“When I began writing the stories of missing Turkish and Greek Cypriots, each side was victimizing themselves, and crying only over their own missing people; so I tried to bring to the surface and break ‘zones of silence’ in order to tell the story of both sides.”
Sevgül Uludağ is an investigative reporter for Yeniduzen, a Turkish Cypriot daily newspaper in the northern part of the divided island of Cyprus. She also writes for the Greek Cypriot newspaper, Politis, which is published in the southern part of the island. She also writes her blog in English. Uludağ, who is of Turkish Cypriot heritage, tries to bring the two violently separated parts of Cyprus together and erase divides between the populations. She moves toward this goal by illuminating stories of violence as well as humanity in Cyprus through her reporting.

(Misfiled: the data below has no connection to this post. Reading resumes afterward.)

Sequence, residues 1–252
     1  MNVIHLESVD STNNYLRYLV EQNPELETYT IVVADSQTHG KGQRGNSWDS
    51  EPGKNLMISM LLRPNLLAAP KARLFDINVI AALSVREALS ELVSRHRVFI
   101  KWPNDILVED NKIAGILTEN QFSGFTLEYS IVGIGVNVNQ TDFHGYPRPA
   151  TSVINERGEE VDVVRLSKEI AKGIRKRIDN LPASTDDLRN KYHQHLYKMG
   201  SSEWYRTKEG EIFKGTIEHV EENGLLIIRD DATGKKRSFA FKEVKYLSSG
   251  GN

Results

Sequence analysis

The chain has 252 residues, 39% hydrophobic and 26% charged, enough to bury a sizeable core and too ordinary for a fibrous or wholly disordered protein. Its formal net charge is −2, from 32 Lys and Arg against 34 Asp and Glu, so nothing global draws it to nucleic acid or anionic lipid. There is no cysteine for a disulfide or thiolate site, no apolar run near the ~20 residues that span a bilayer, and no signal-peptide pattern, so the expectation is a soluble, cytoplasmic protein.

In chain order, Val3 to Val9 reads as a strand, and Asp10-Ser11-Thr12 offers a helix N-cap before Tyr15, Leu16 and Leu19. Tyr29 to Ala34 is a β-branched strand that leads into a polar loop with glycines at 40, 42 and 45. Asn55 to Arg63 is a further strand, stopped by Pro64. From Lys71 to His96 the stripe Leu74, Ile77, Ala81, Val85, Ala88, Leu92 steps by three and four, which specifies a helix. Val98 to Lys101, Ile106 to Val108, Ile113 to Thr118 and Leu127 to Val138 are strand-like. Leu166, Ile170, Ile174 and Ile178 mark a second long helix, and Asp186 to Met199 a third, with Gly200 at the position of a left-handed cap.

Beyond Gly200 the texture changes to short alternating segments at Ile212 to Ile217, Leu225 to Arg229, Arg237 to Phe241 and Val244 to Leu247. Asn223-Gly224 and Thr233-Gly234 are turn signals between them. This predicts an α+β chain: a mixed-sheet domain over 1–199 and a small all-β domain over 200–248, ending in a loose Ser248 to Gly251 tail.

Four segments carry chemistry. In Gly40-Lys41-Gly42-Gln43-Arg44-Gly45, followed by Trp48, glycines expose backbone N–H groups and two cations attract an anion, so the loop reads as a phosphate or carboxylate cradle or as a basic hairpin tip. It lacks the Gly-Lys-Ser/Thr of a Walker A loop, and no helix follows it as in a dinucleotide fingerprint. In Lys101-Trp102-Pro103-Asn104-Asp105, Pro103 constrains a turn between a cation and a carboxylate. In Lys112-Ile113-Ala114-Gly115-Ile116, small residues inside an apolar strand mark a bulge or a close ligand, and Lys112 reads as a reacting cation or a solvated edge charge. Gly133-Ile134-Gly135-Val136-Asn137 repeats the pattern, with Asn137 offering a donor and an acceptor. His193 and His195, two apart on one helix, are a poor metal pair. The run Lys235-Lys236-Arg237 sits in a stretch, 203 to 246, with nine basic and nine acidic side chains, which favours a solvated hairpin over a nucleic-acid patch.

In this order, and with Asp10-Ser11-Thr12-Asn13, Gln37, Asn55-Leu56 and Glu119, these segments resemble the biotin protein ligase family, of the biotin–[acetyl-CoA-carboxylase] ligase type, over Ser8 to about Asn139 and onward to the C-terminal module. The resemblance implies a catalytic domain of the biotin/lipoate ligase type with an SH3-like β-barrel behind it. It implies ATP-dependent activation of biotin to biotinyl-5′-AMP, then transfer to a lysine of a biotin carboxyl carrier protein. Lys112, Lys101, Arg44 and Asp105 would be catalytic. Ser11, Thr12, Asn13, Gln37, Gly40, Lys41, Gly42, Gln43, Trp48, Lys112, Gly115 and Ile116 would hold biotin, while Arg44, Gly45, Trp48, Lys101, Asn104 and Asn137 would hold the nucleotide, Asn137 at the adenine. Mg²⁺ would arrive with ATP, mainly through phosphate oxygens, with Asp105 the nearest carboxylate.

In 2002, Uludağ began to tackle the issue of missing people and mass graves in Cyprus. She devoted herself to uncovering the fates of thousands of people who disappeared during Greek Cypriot-Turkish Cypriot clashes in the 1960s and 1970s as a result of mass executions, abductions, and targeted assassinations. Uludağ’s reporting has sparked a public debate about missing persons, and her readers from both parts of the island have helped her identify burial sites as she shared this information with the official Cyprus Missing Persons Committee so that they could dig and find the remains of missing persons. Through her work, Uludağ has managed to break taboos revolving around the idea that both communities were solely victims of conflict. Here, she has been able to show to both communities that amongst them were many victims but also some perpetrators.
Sevgül Uludağ, as a peace activist, has brought together many groups of women, as well as relatives of missing persons, from both communities for the first time, helping them to set up a joint association called ‘TOGETHER WE CAN’. Due to her work as a peacebuilder and an investigative journalist, Uludağ has received many local and international awards, and was the first woman from Cyprus to be nominated for the Nobel Peace Prize last year.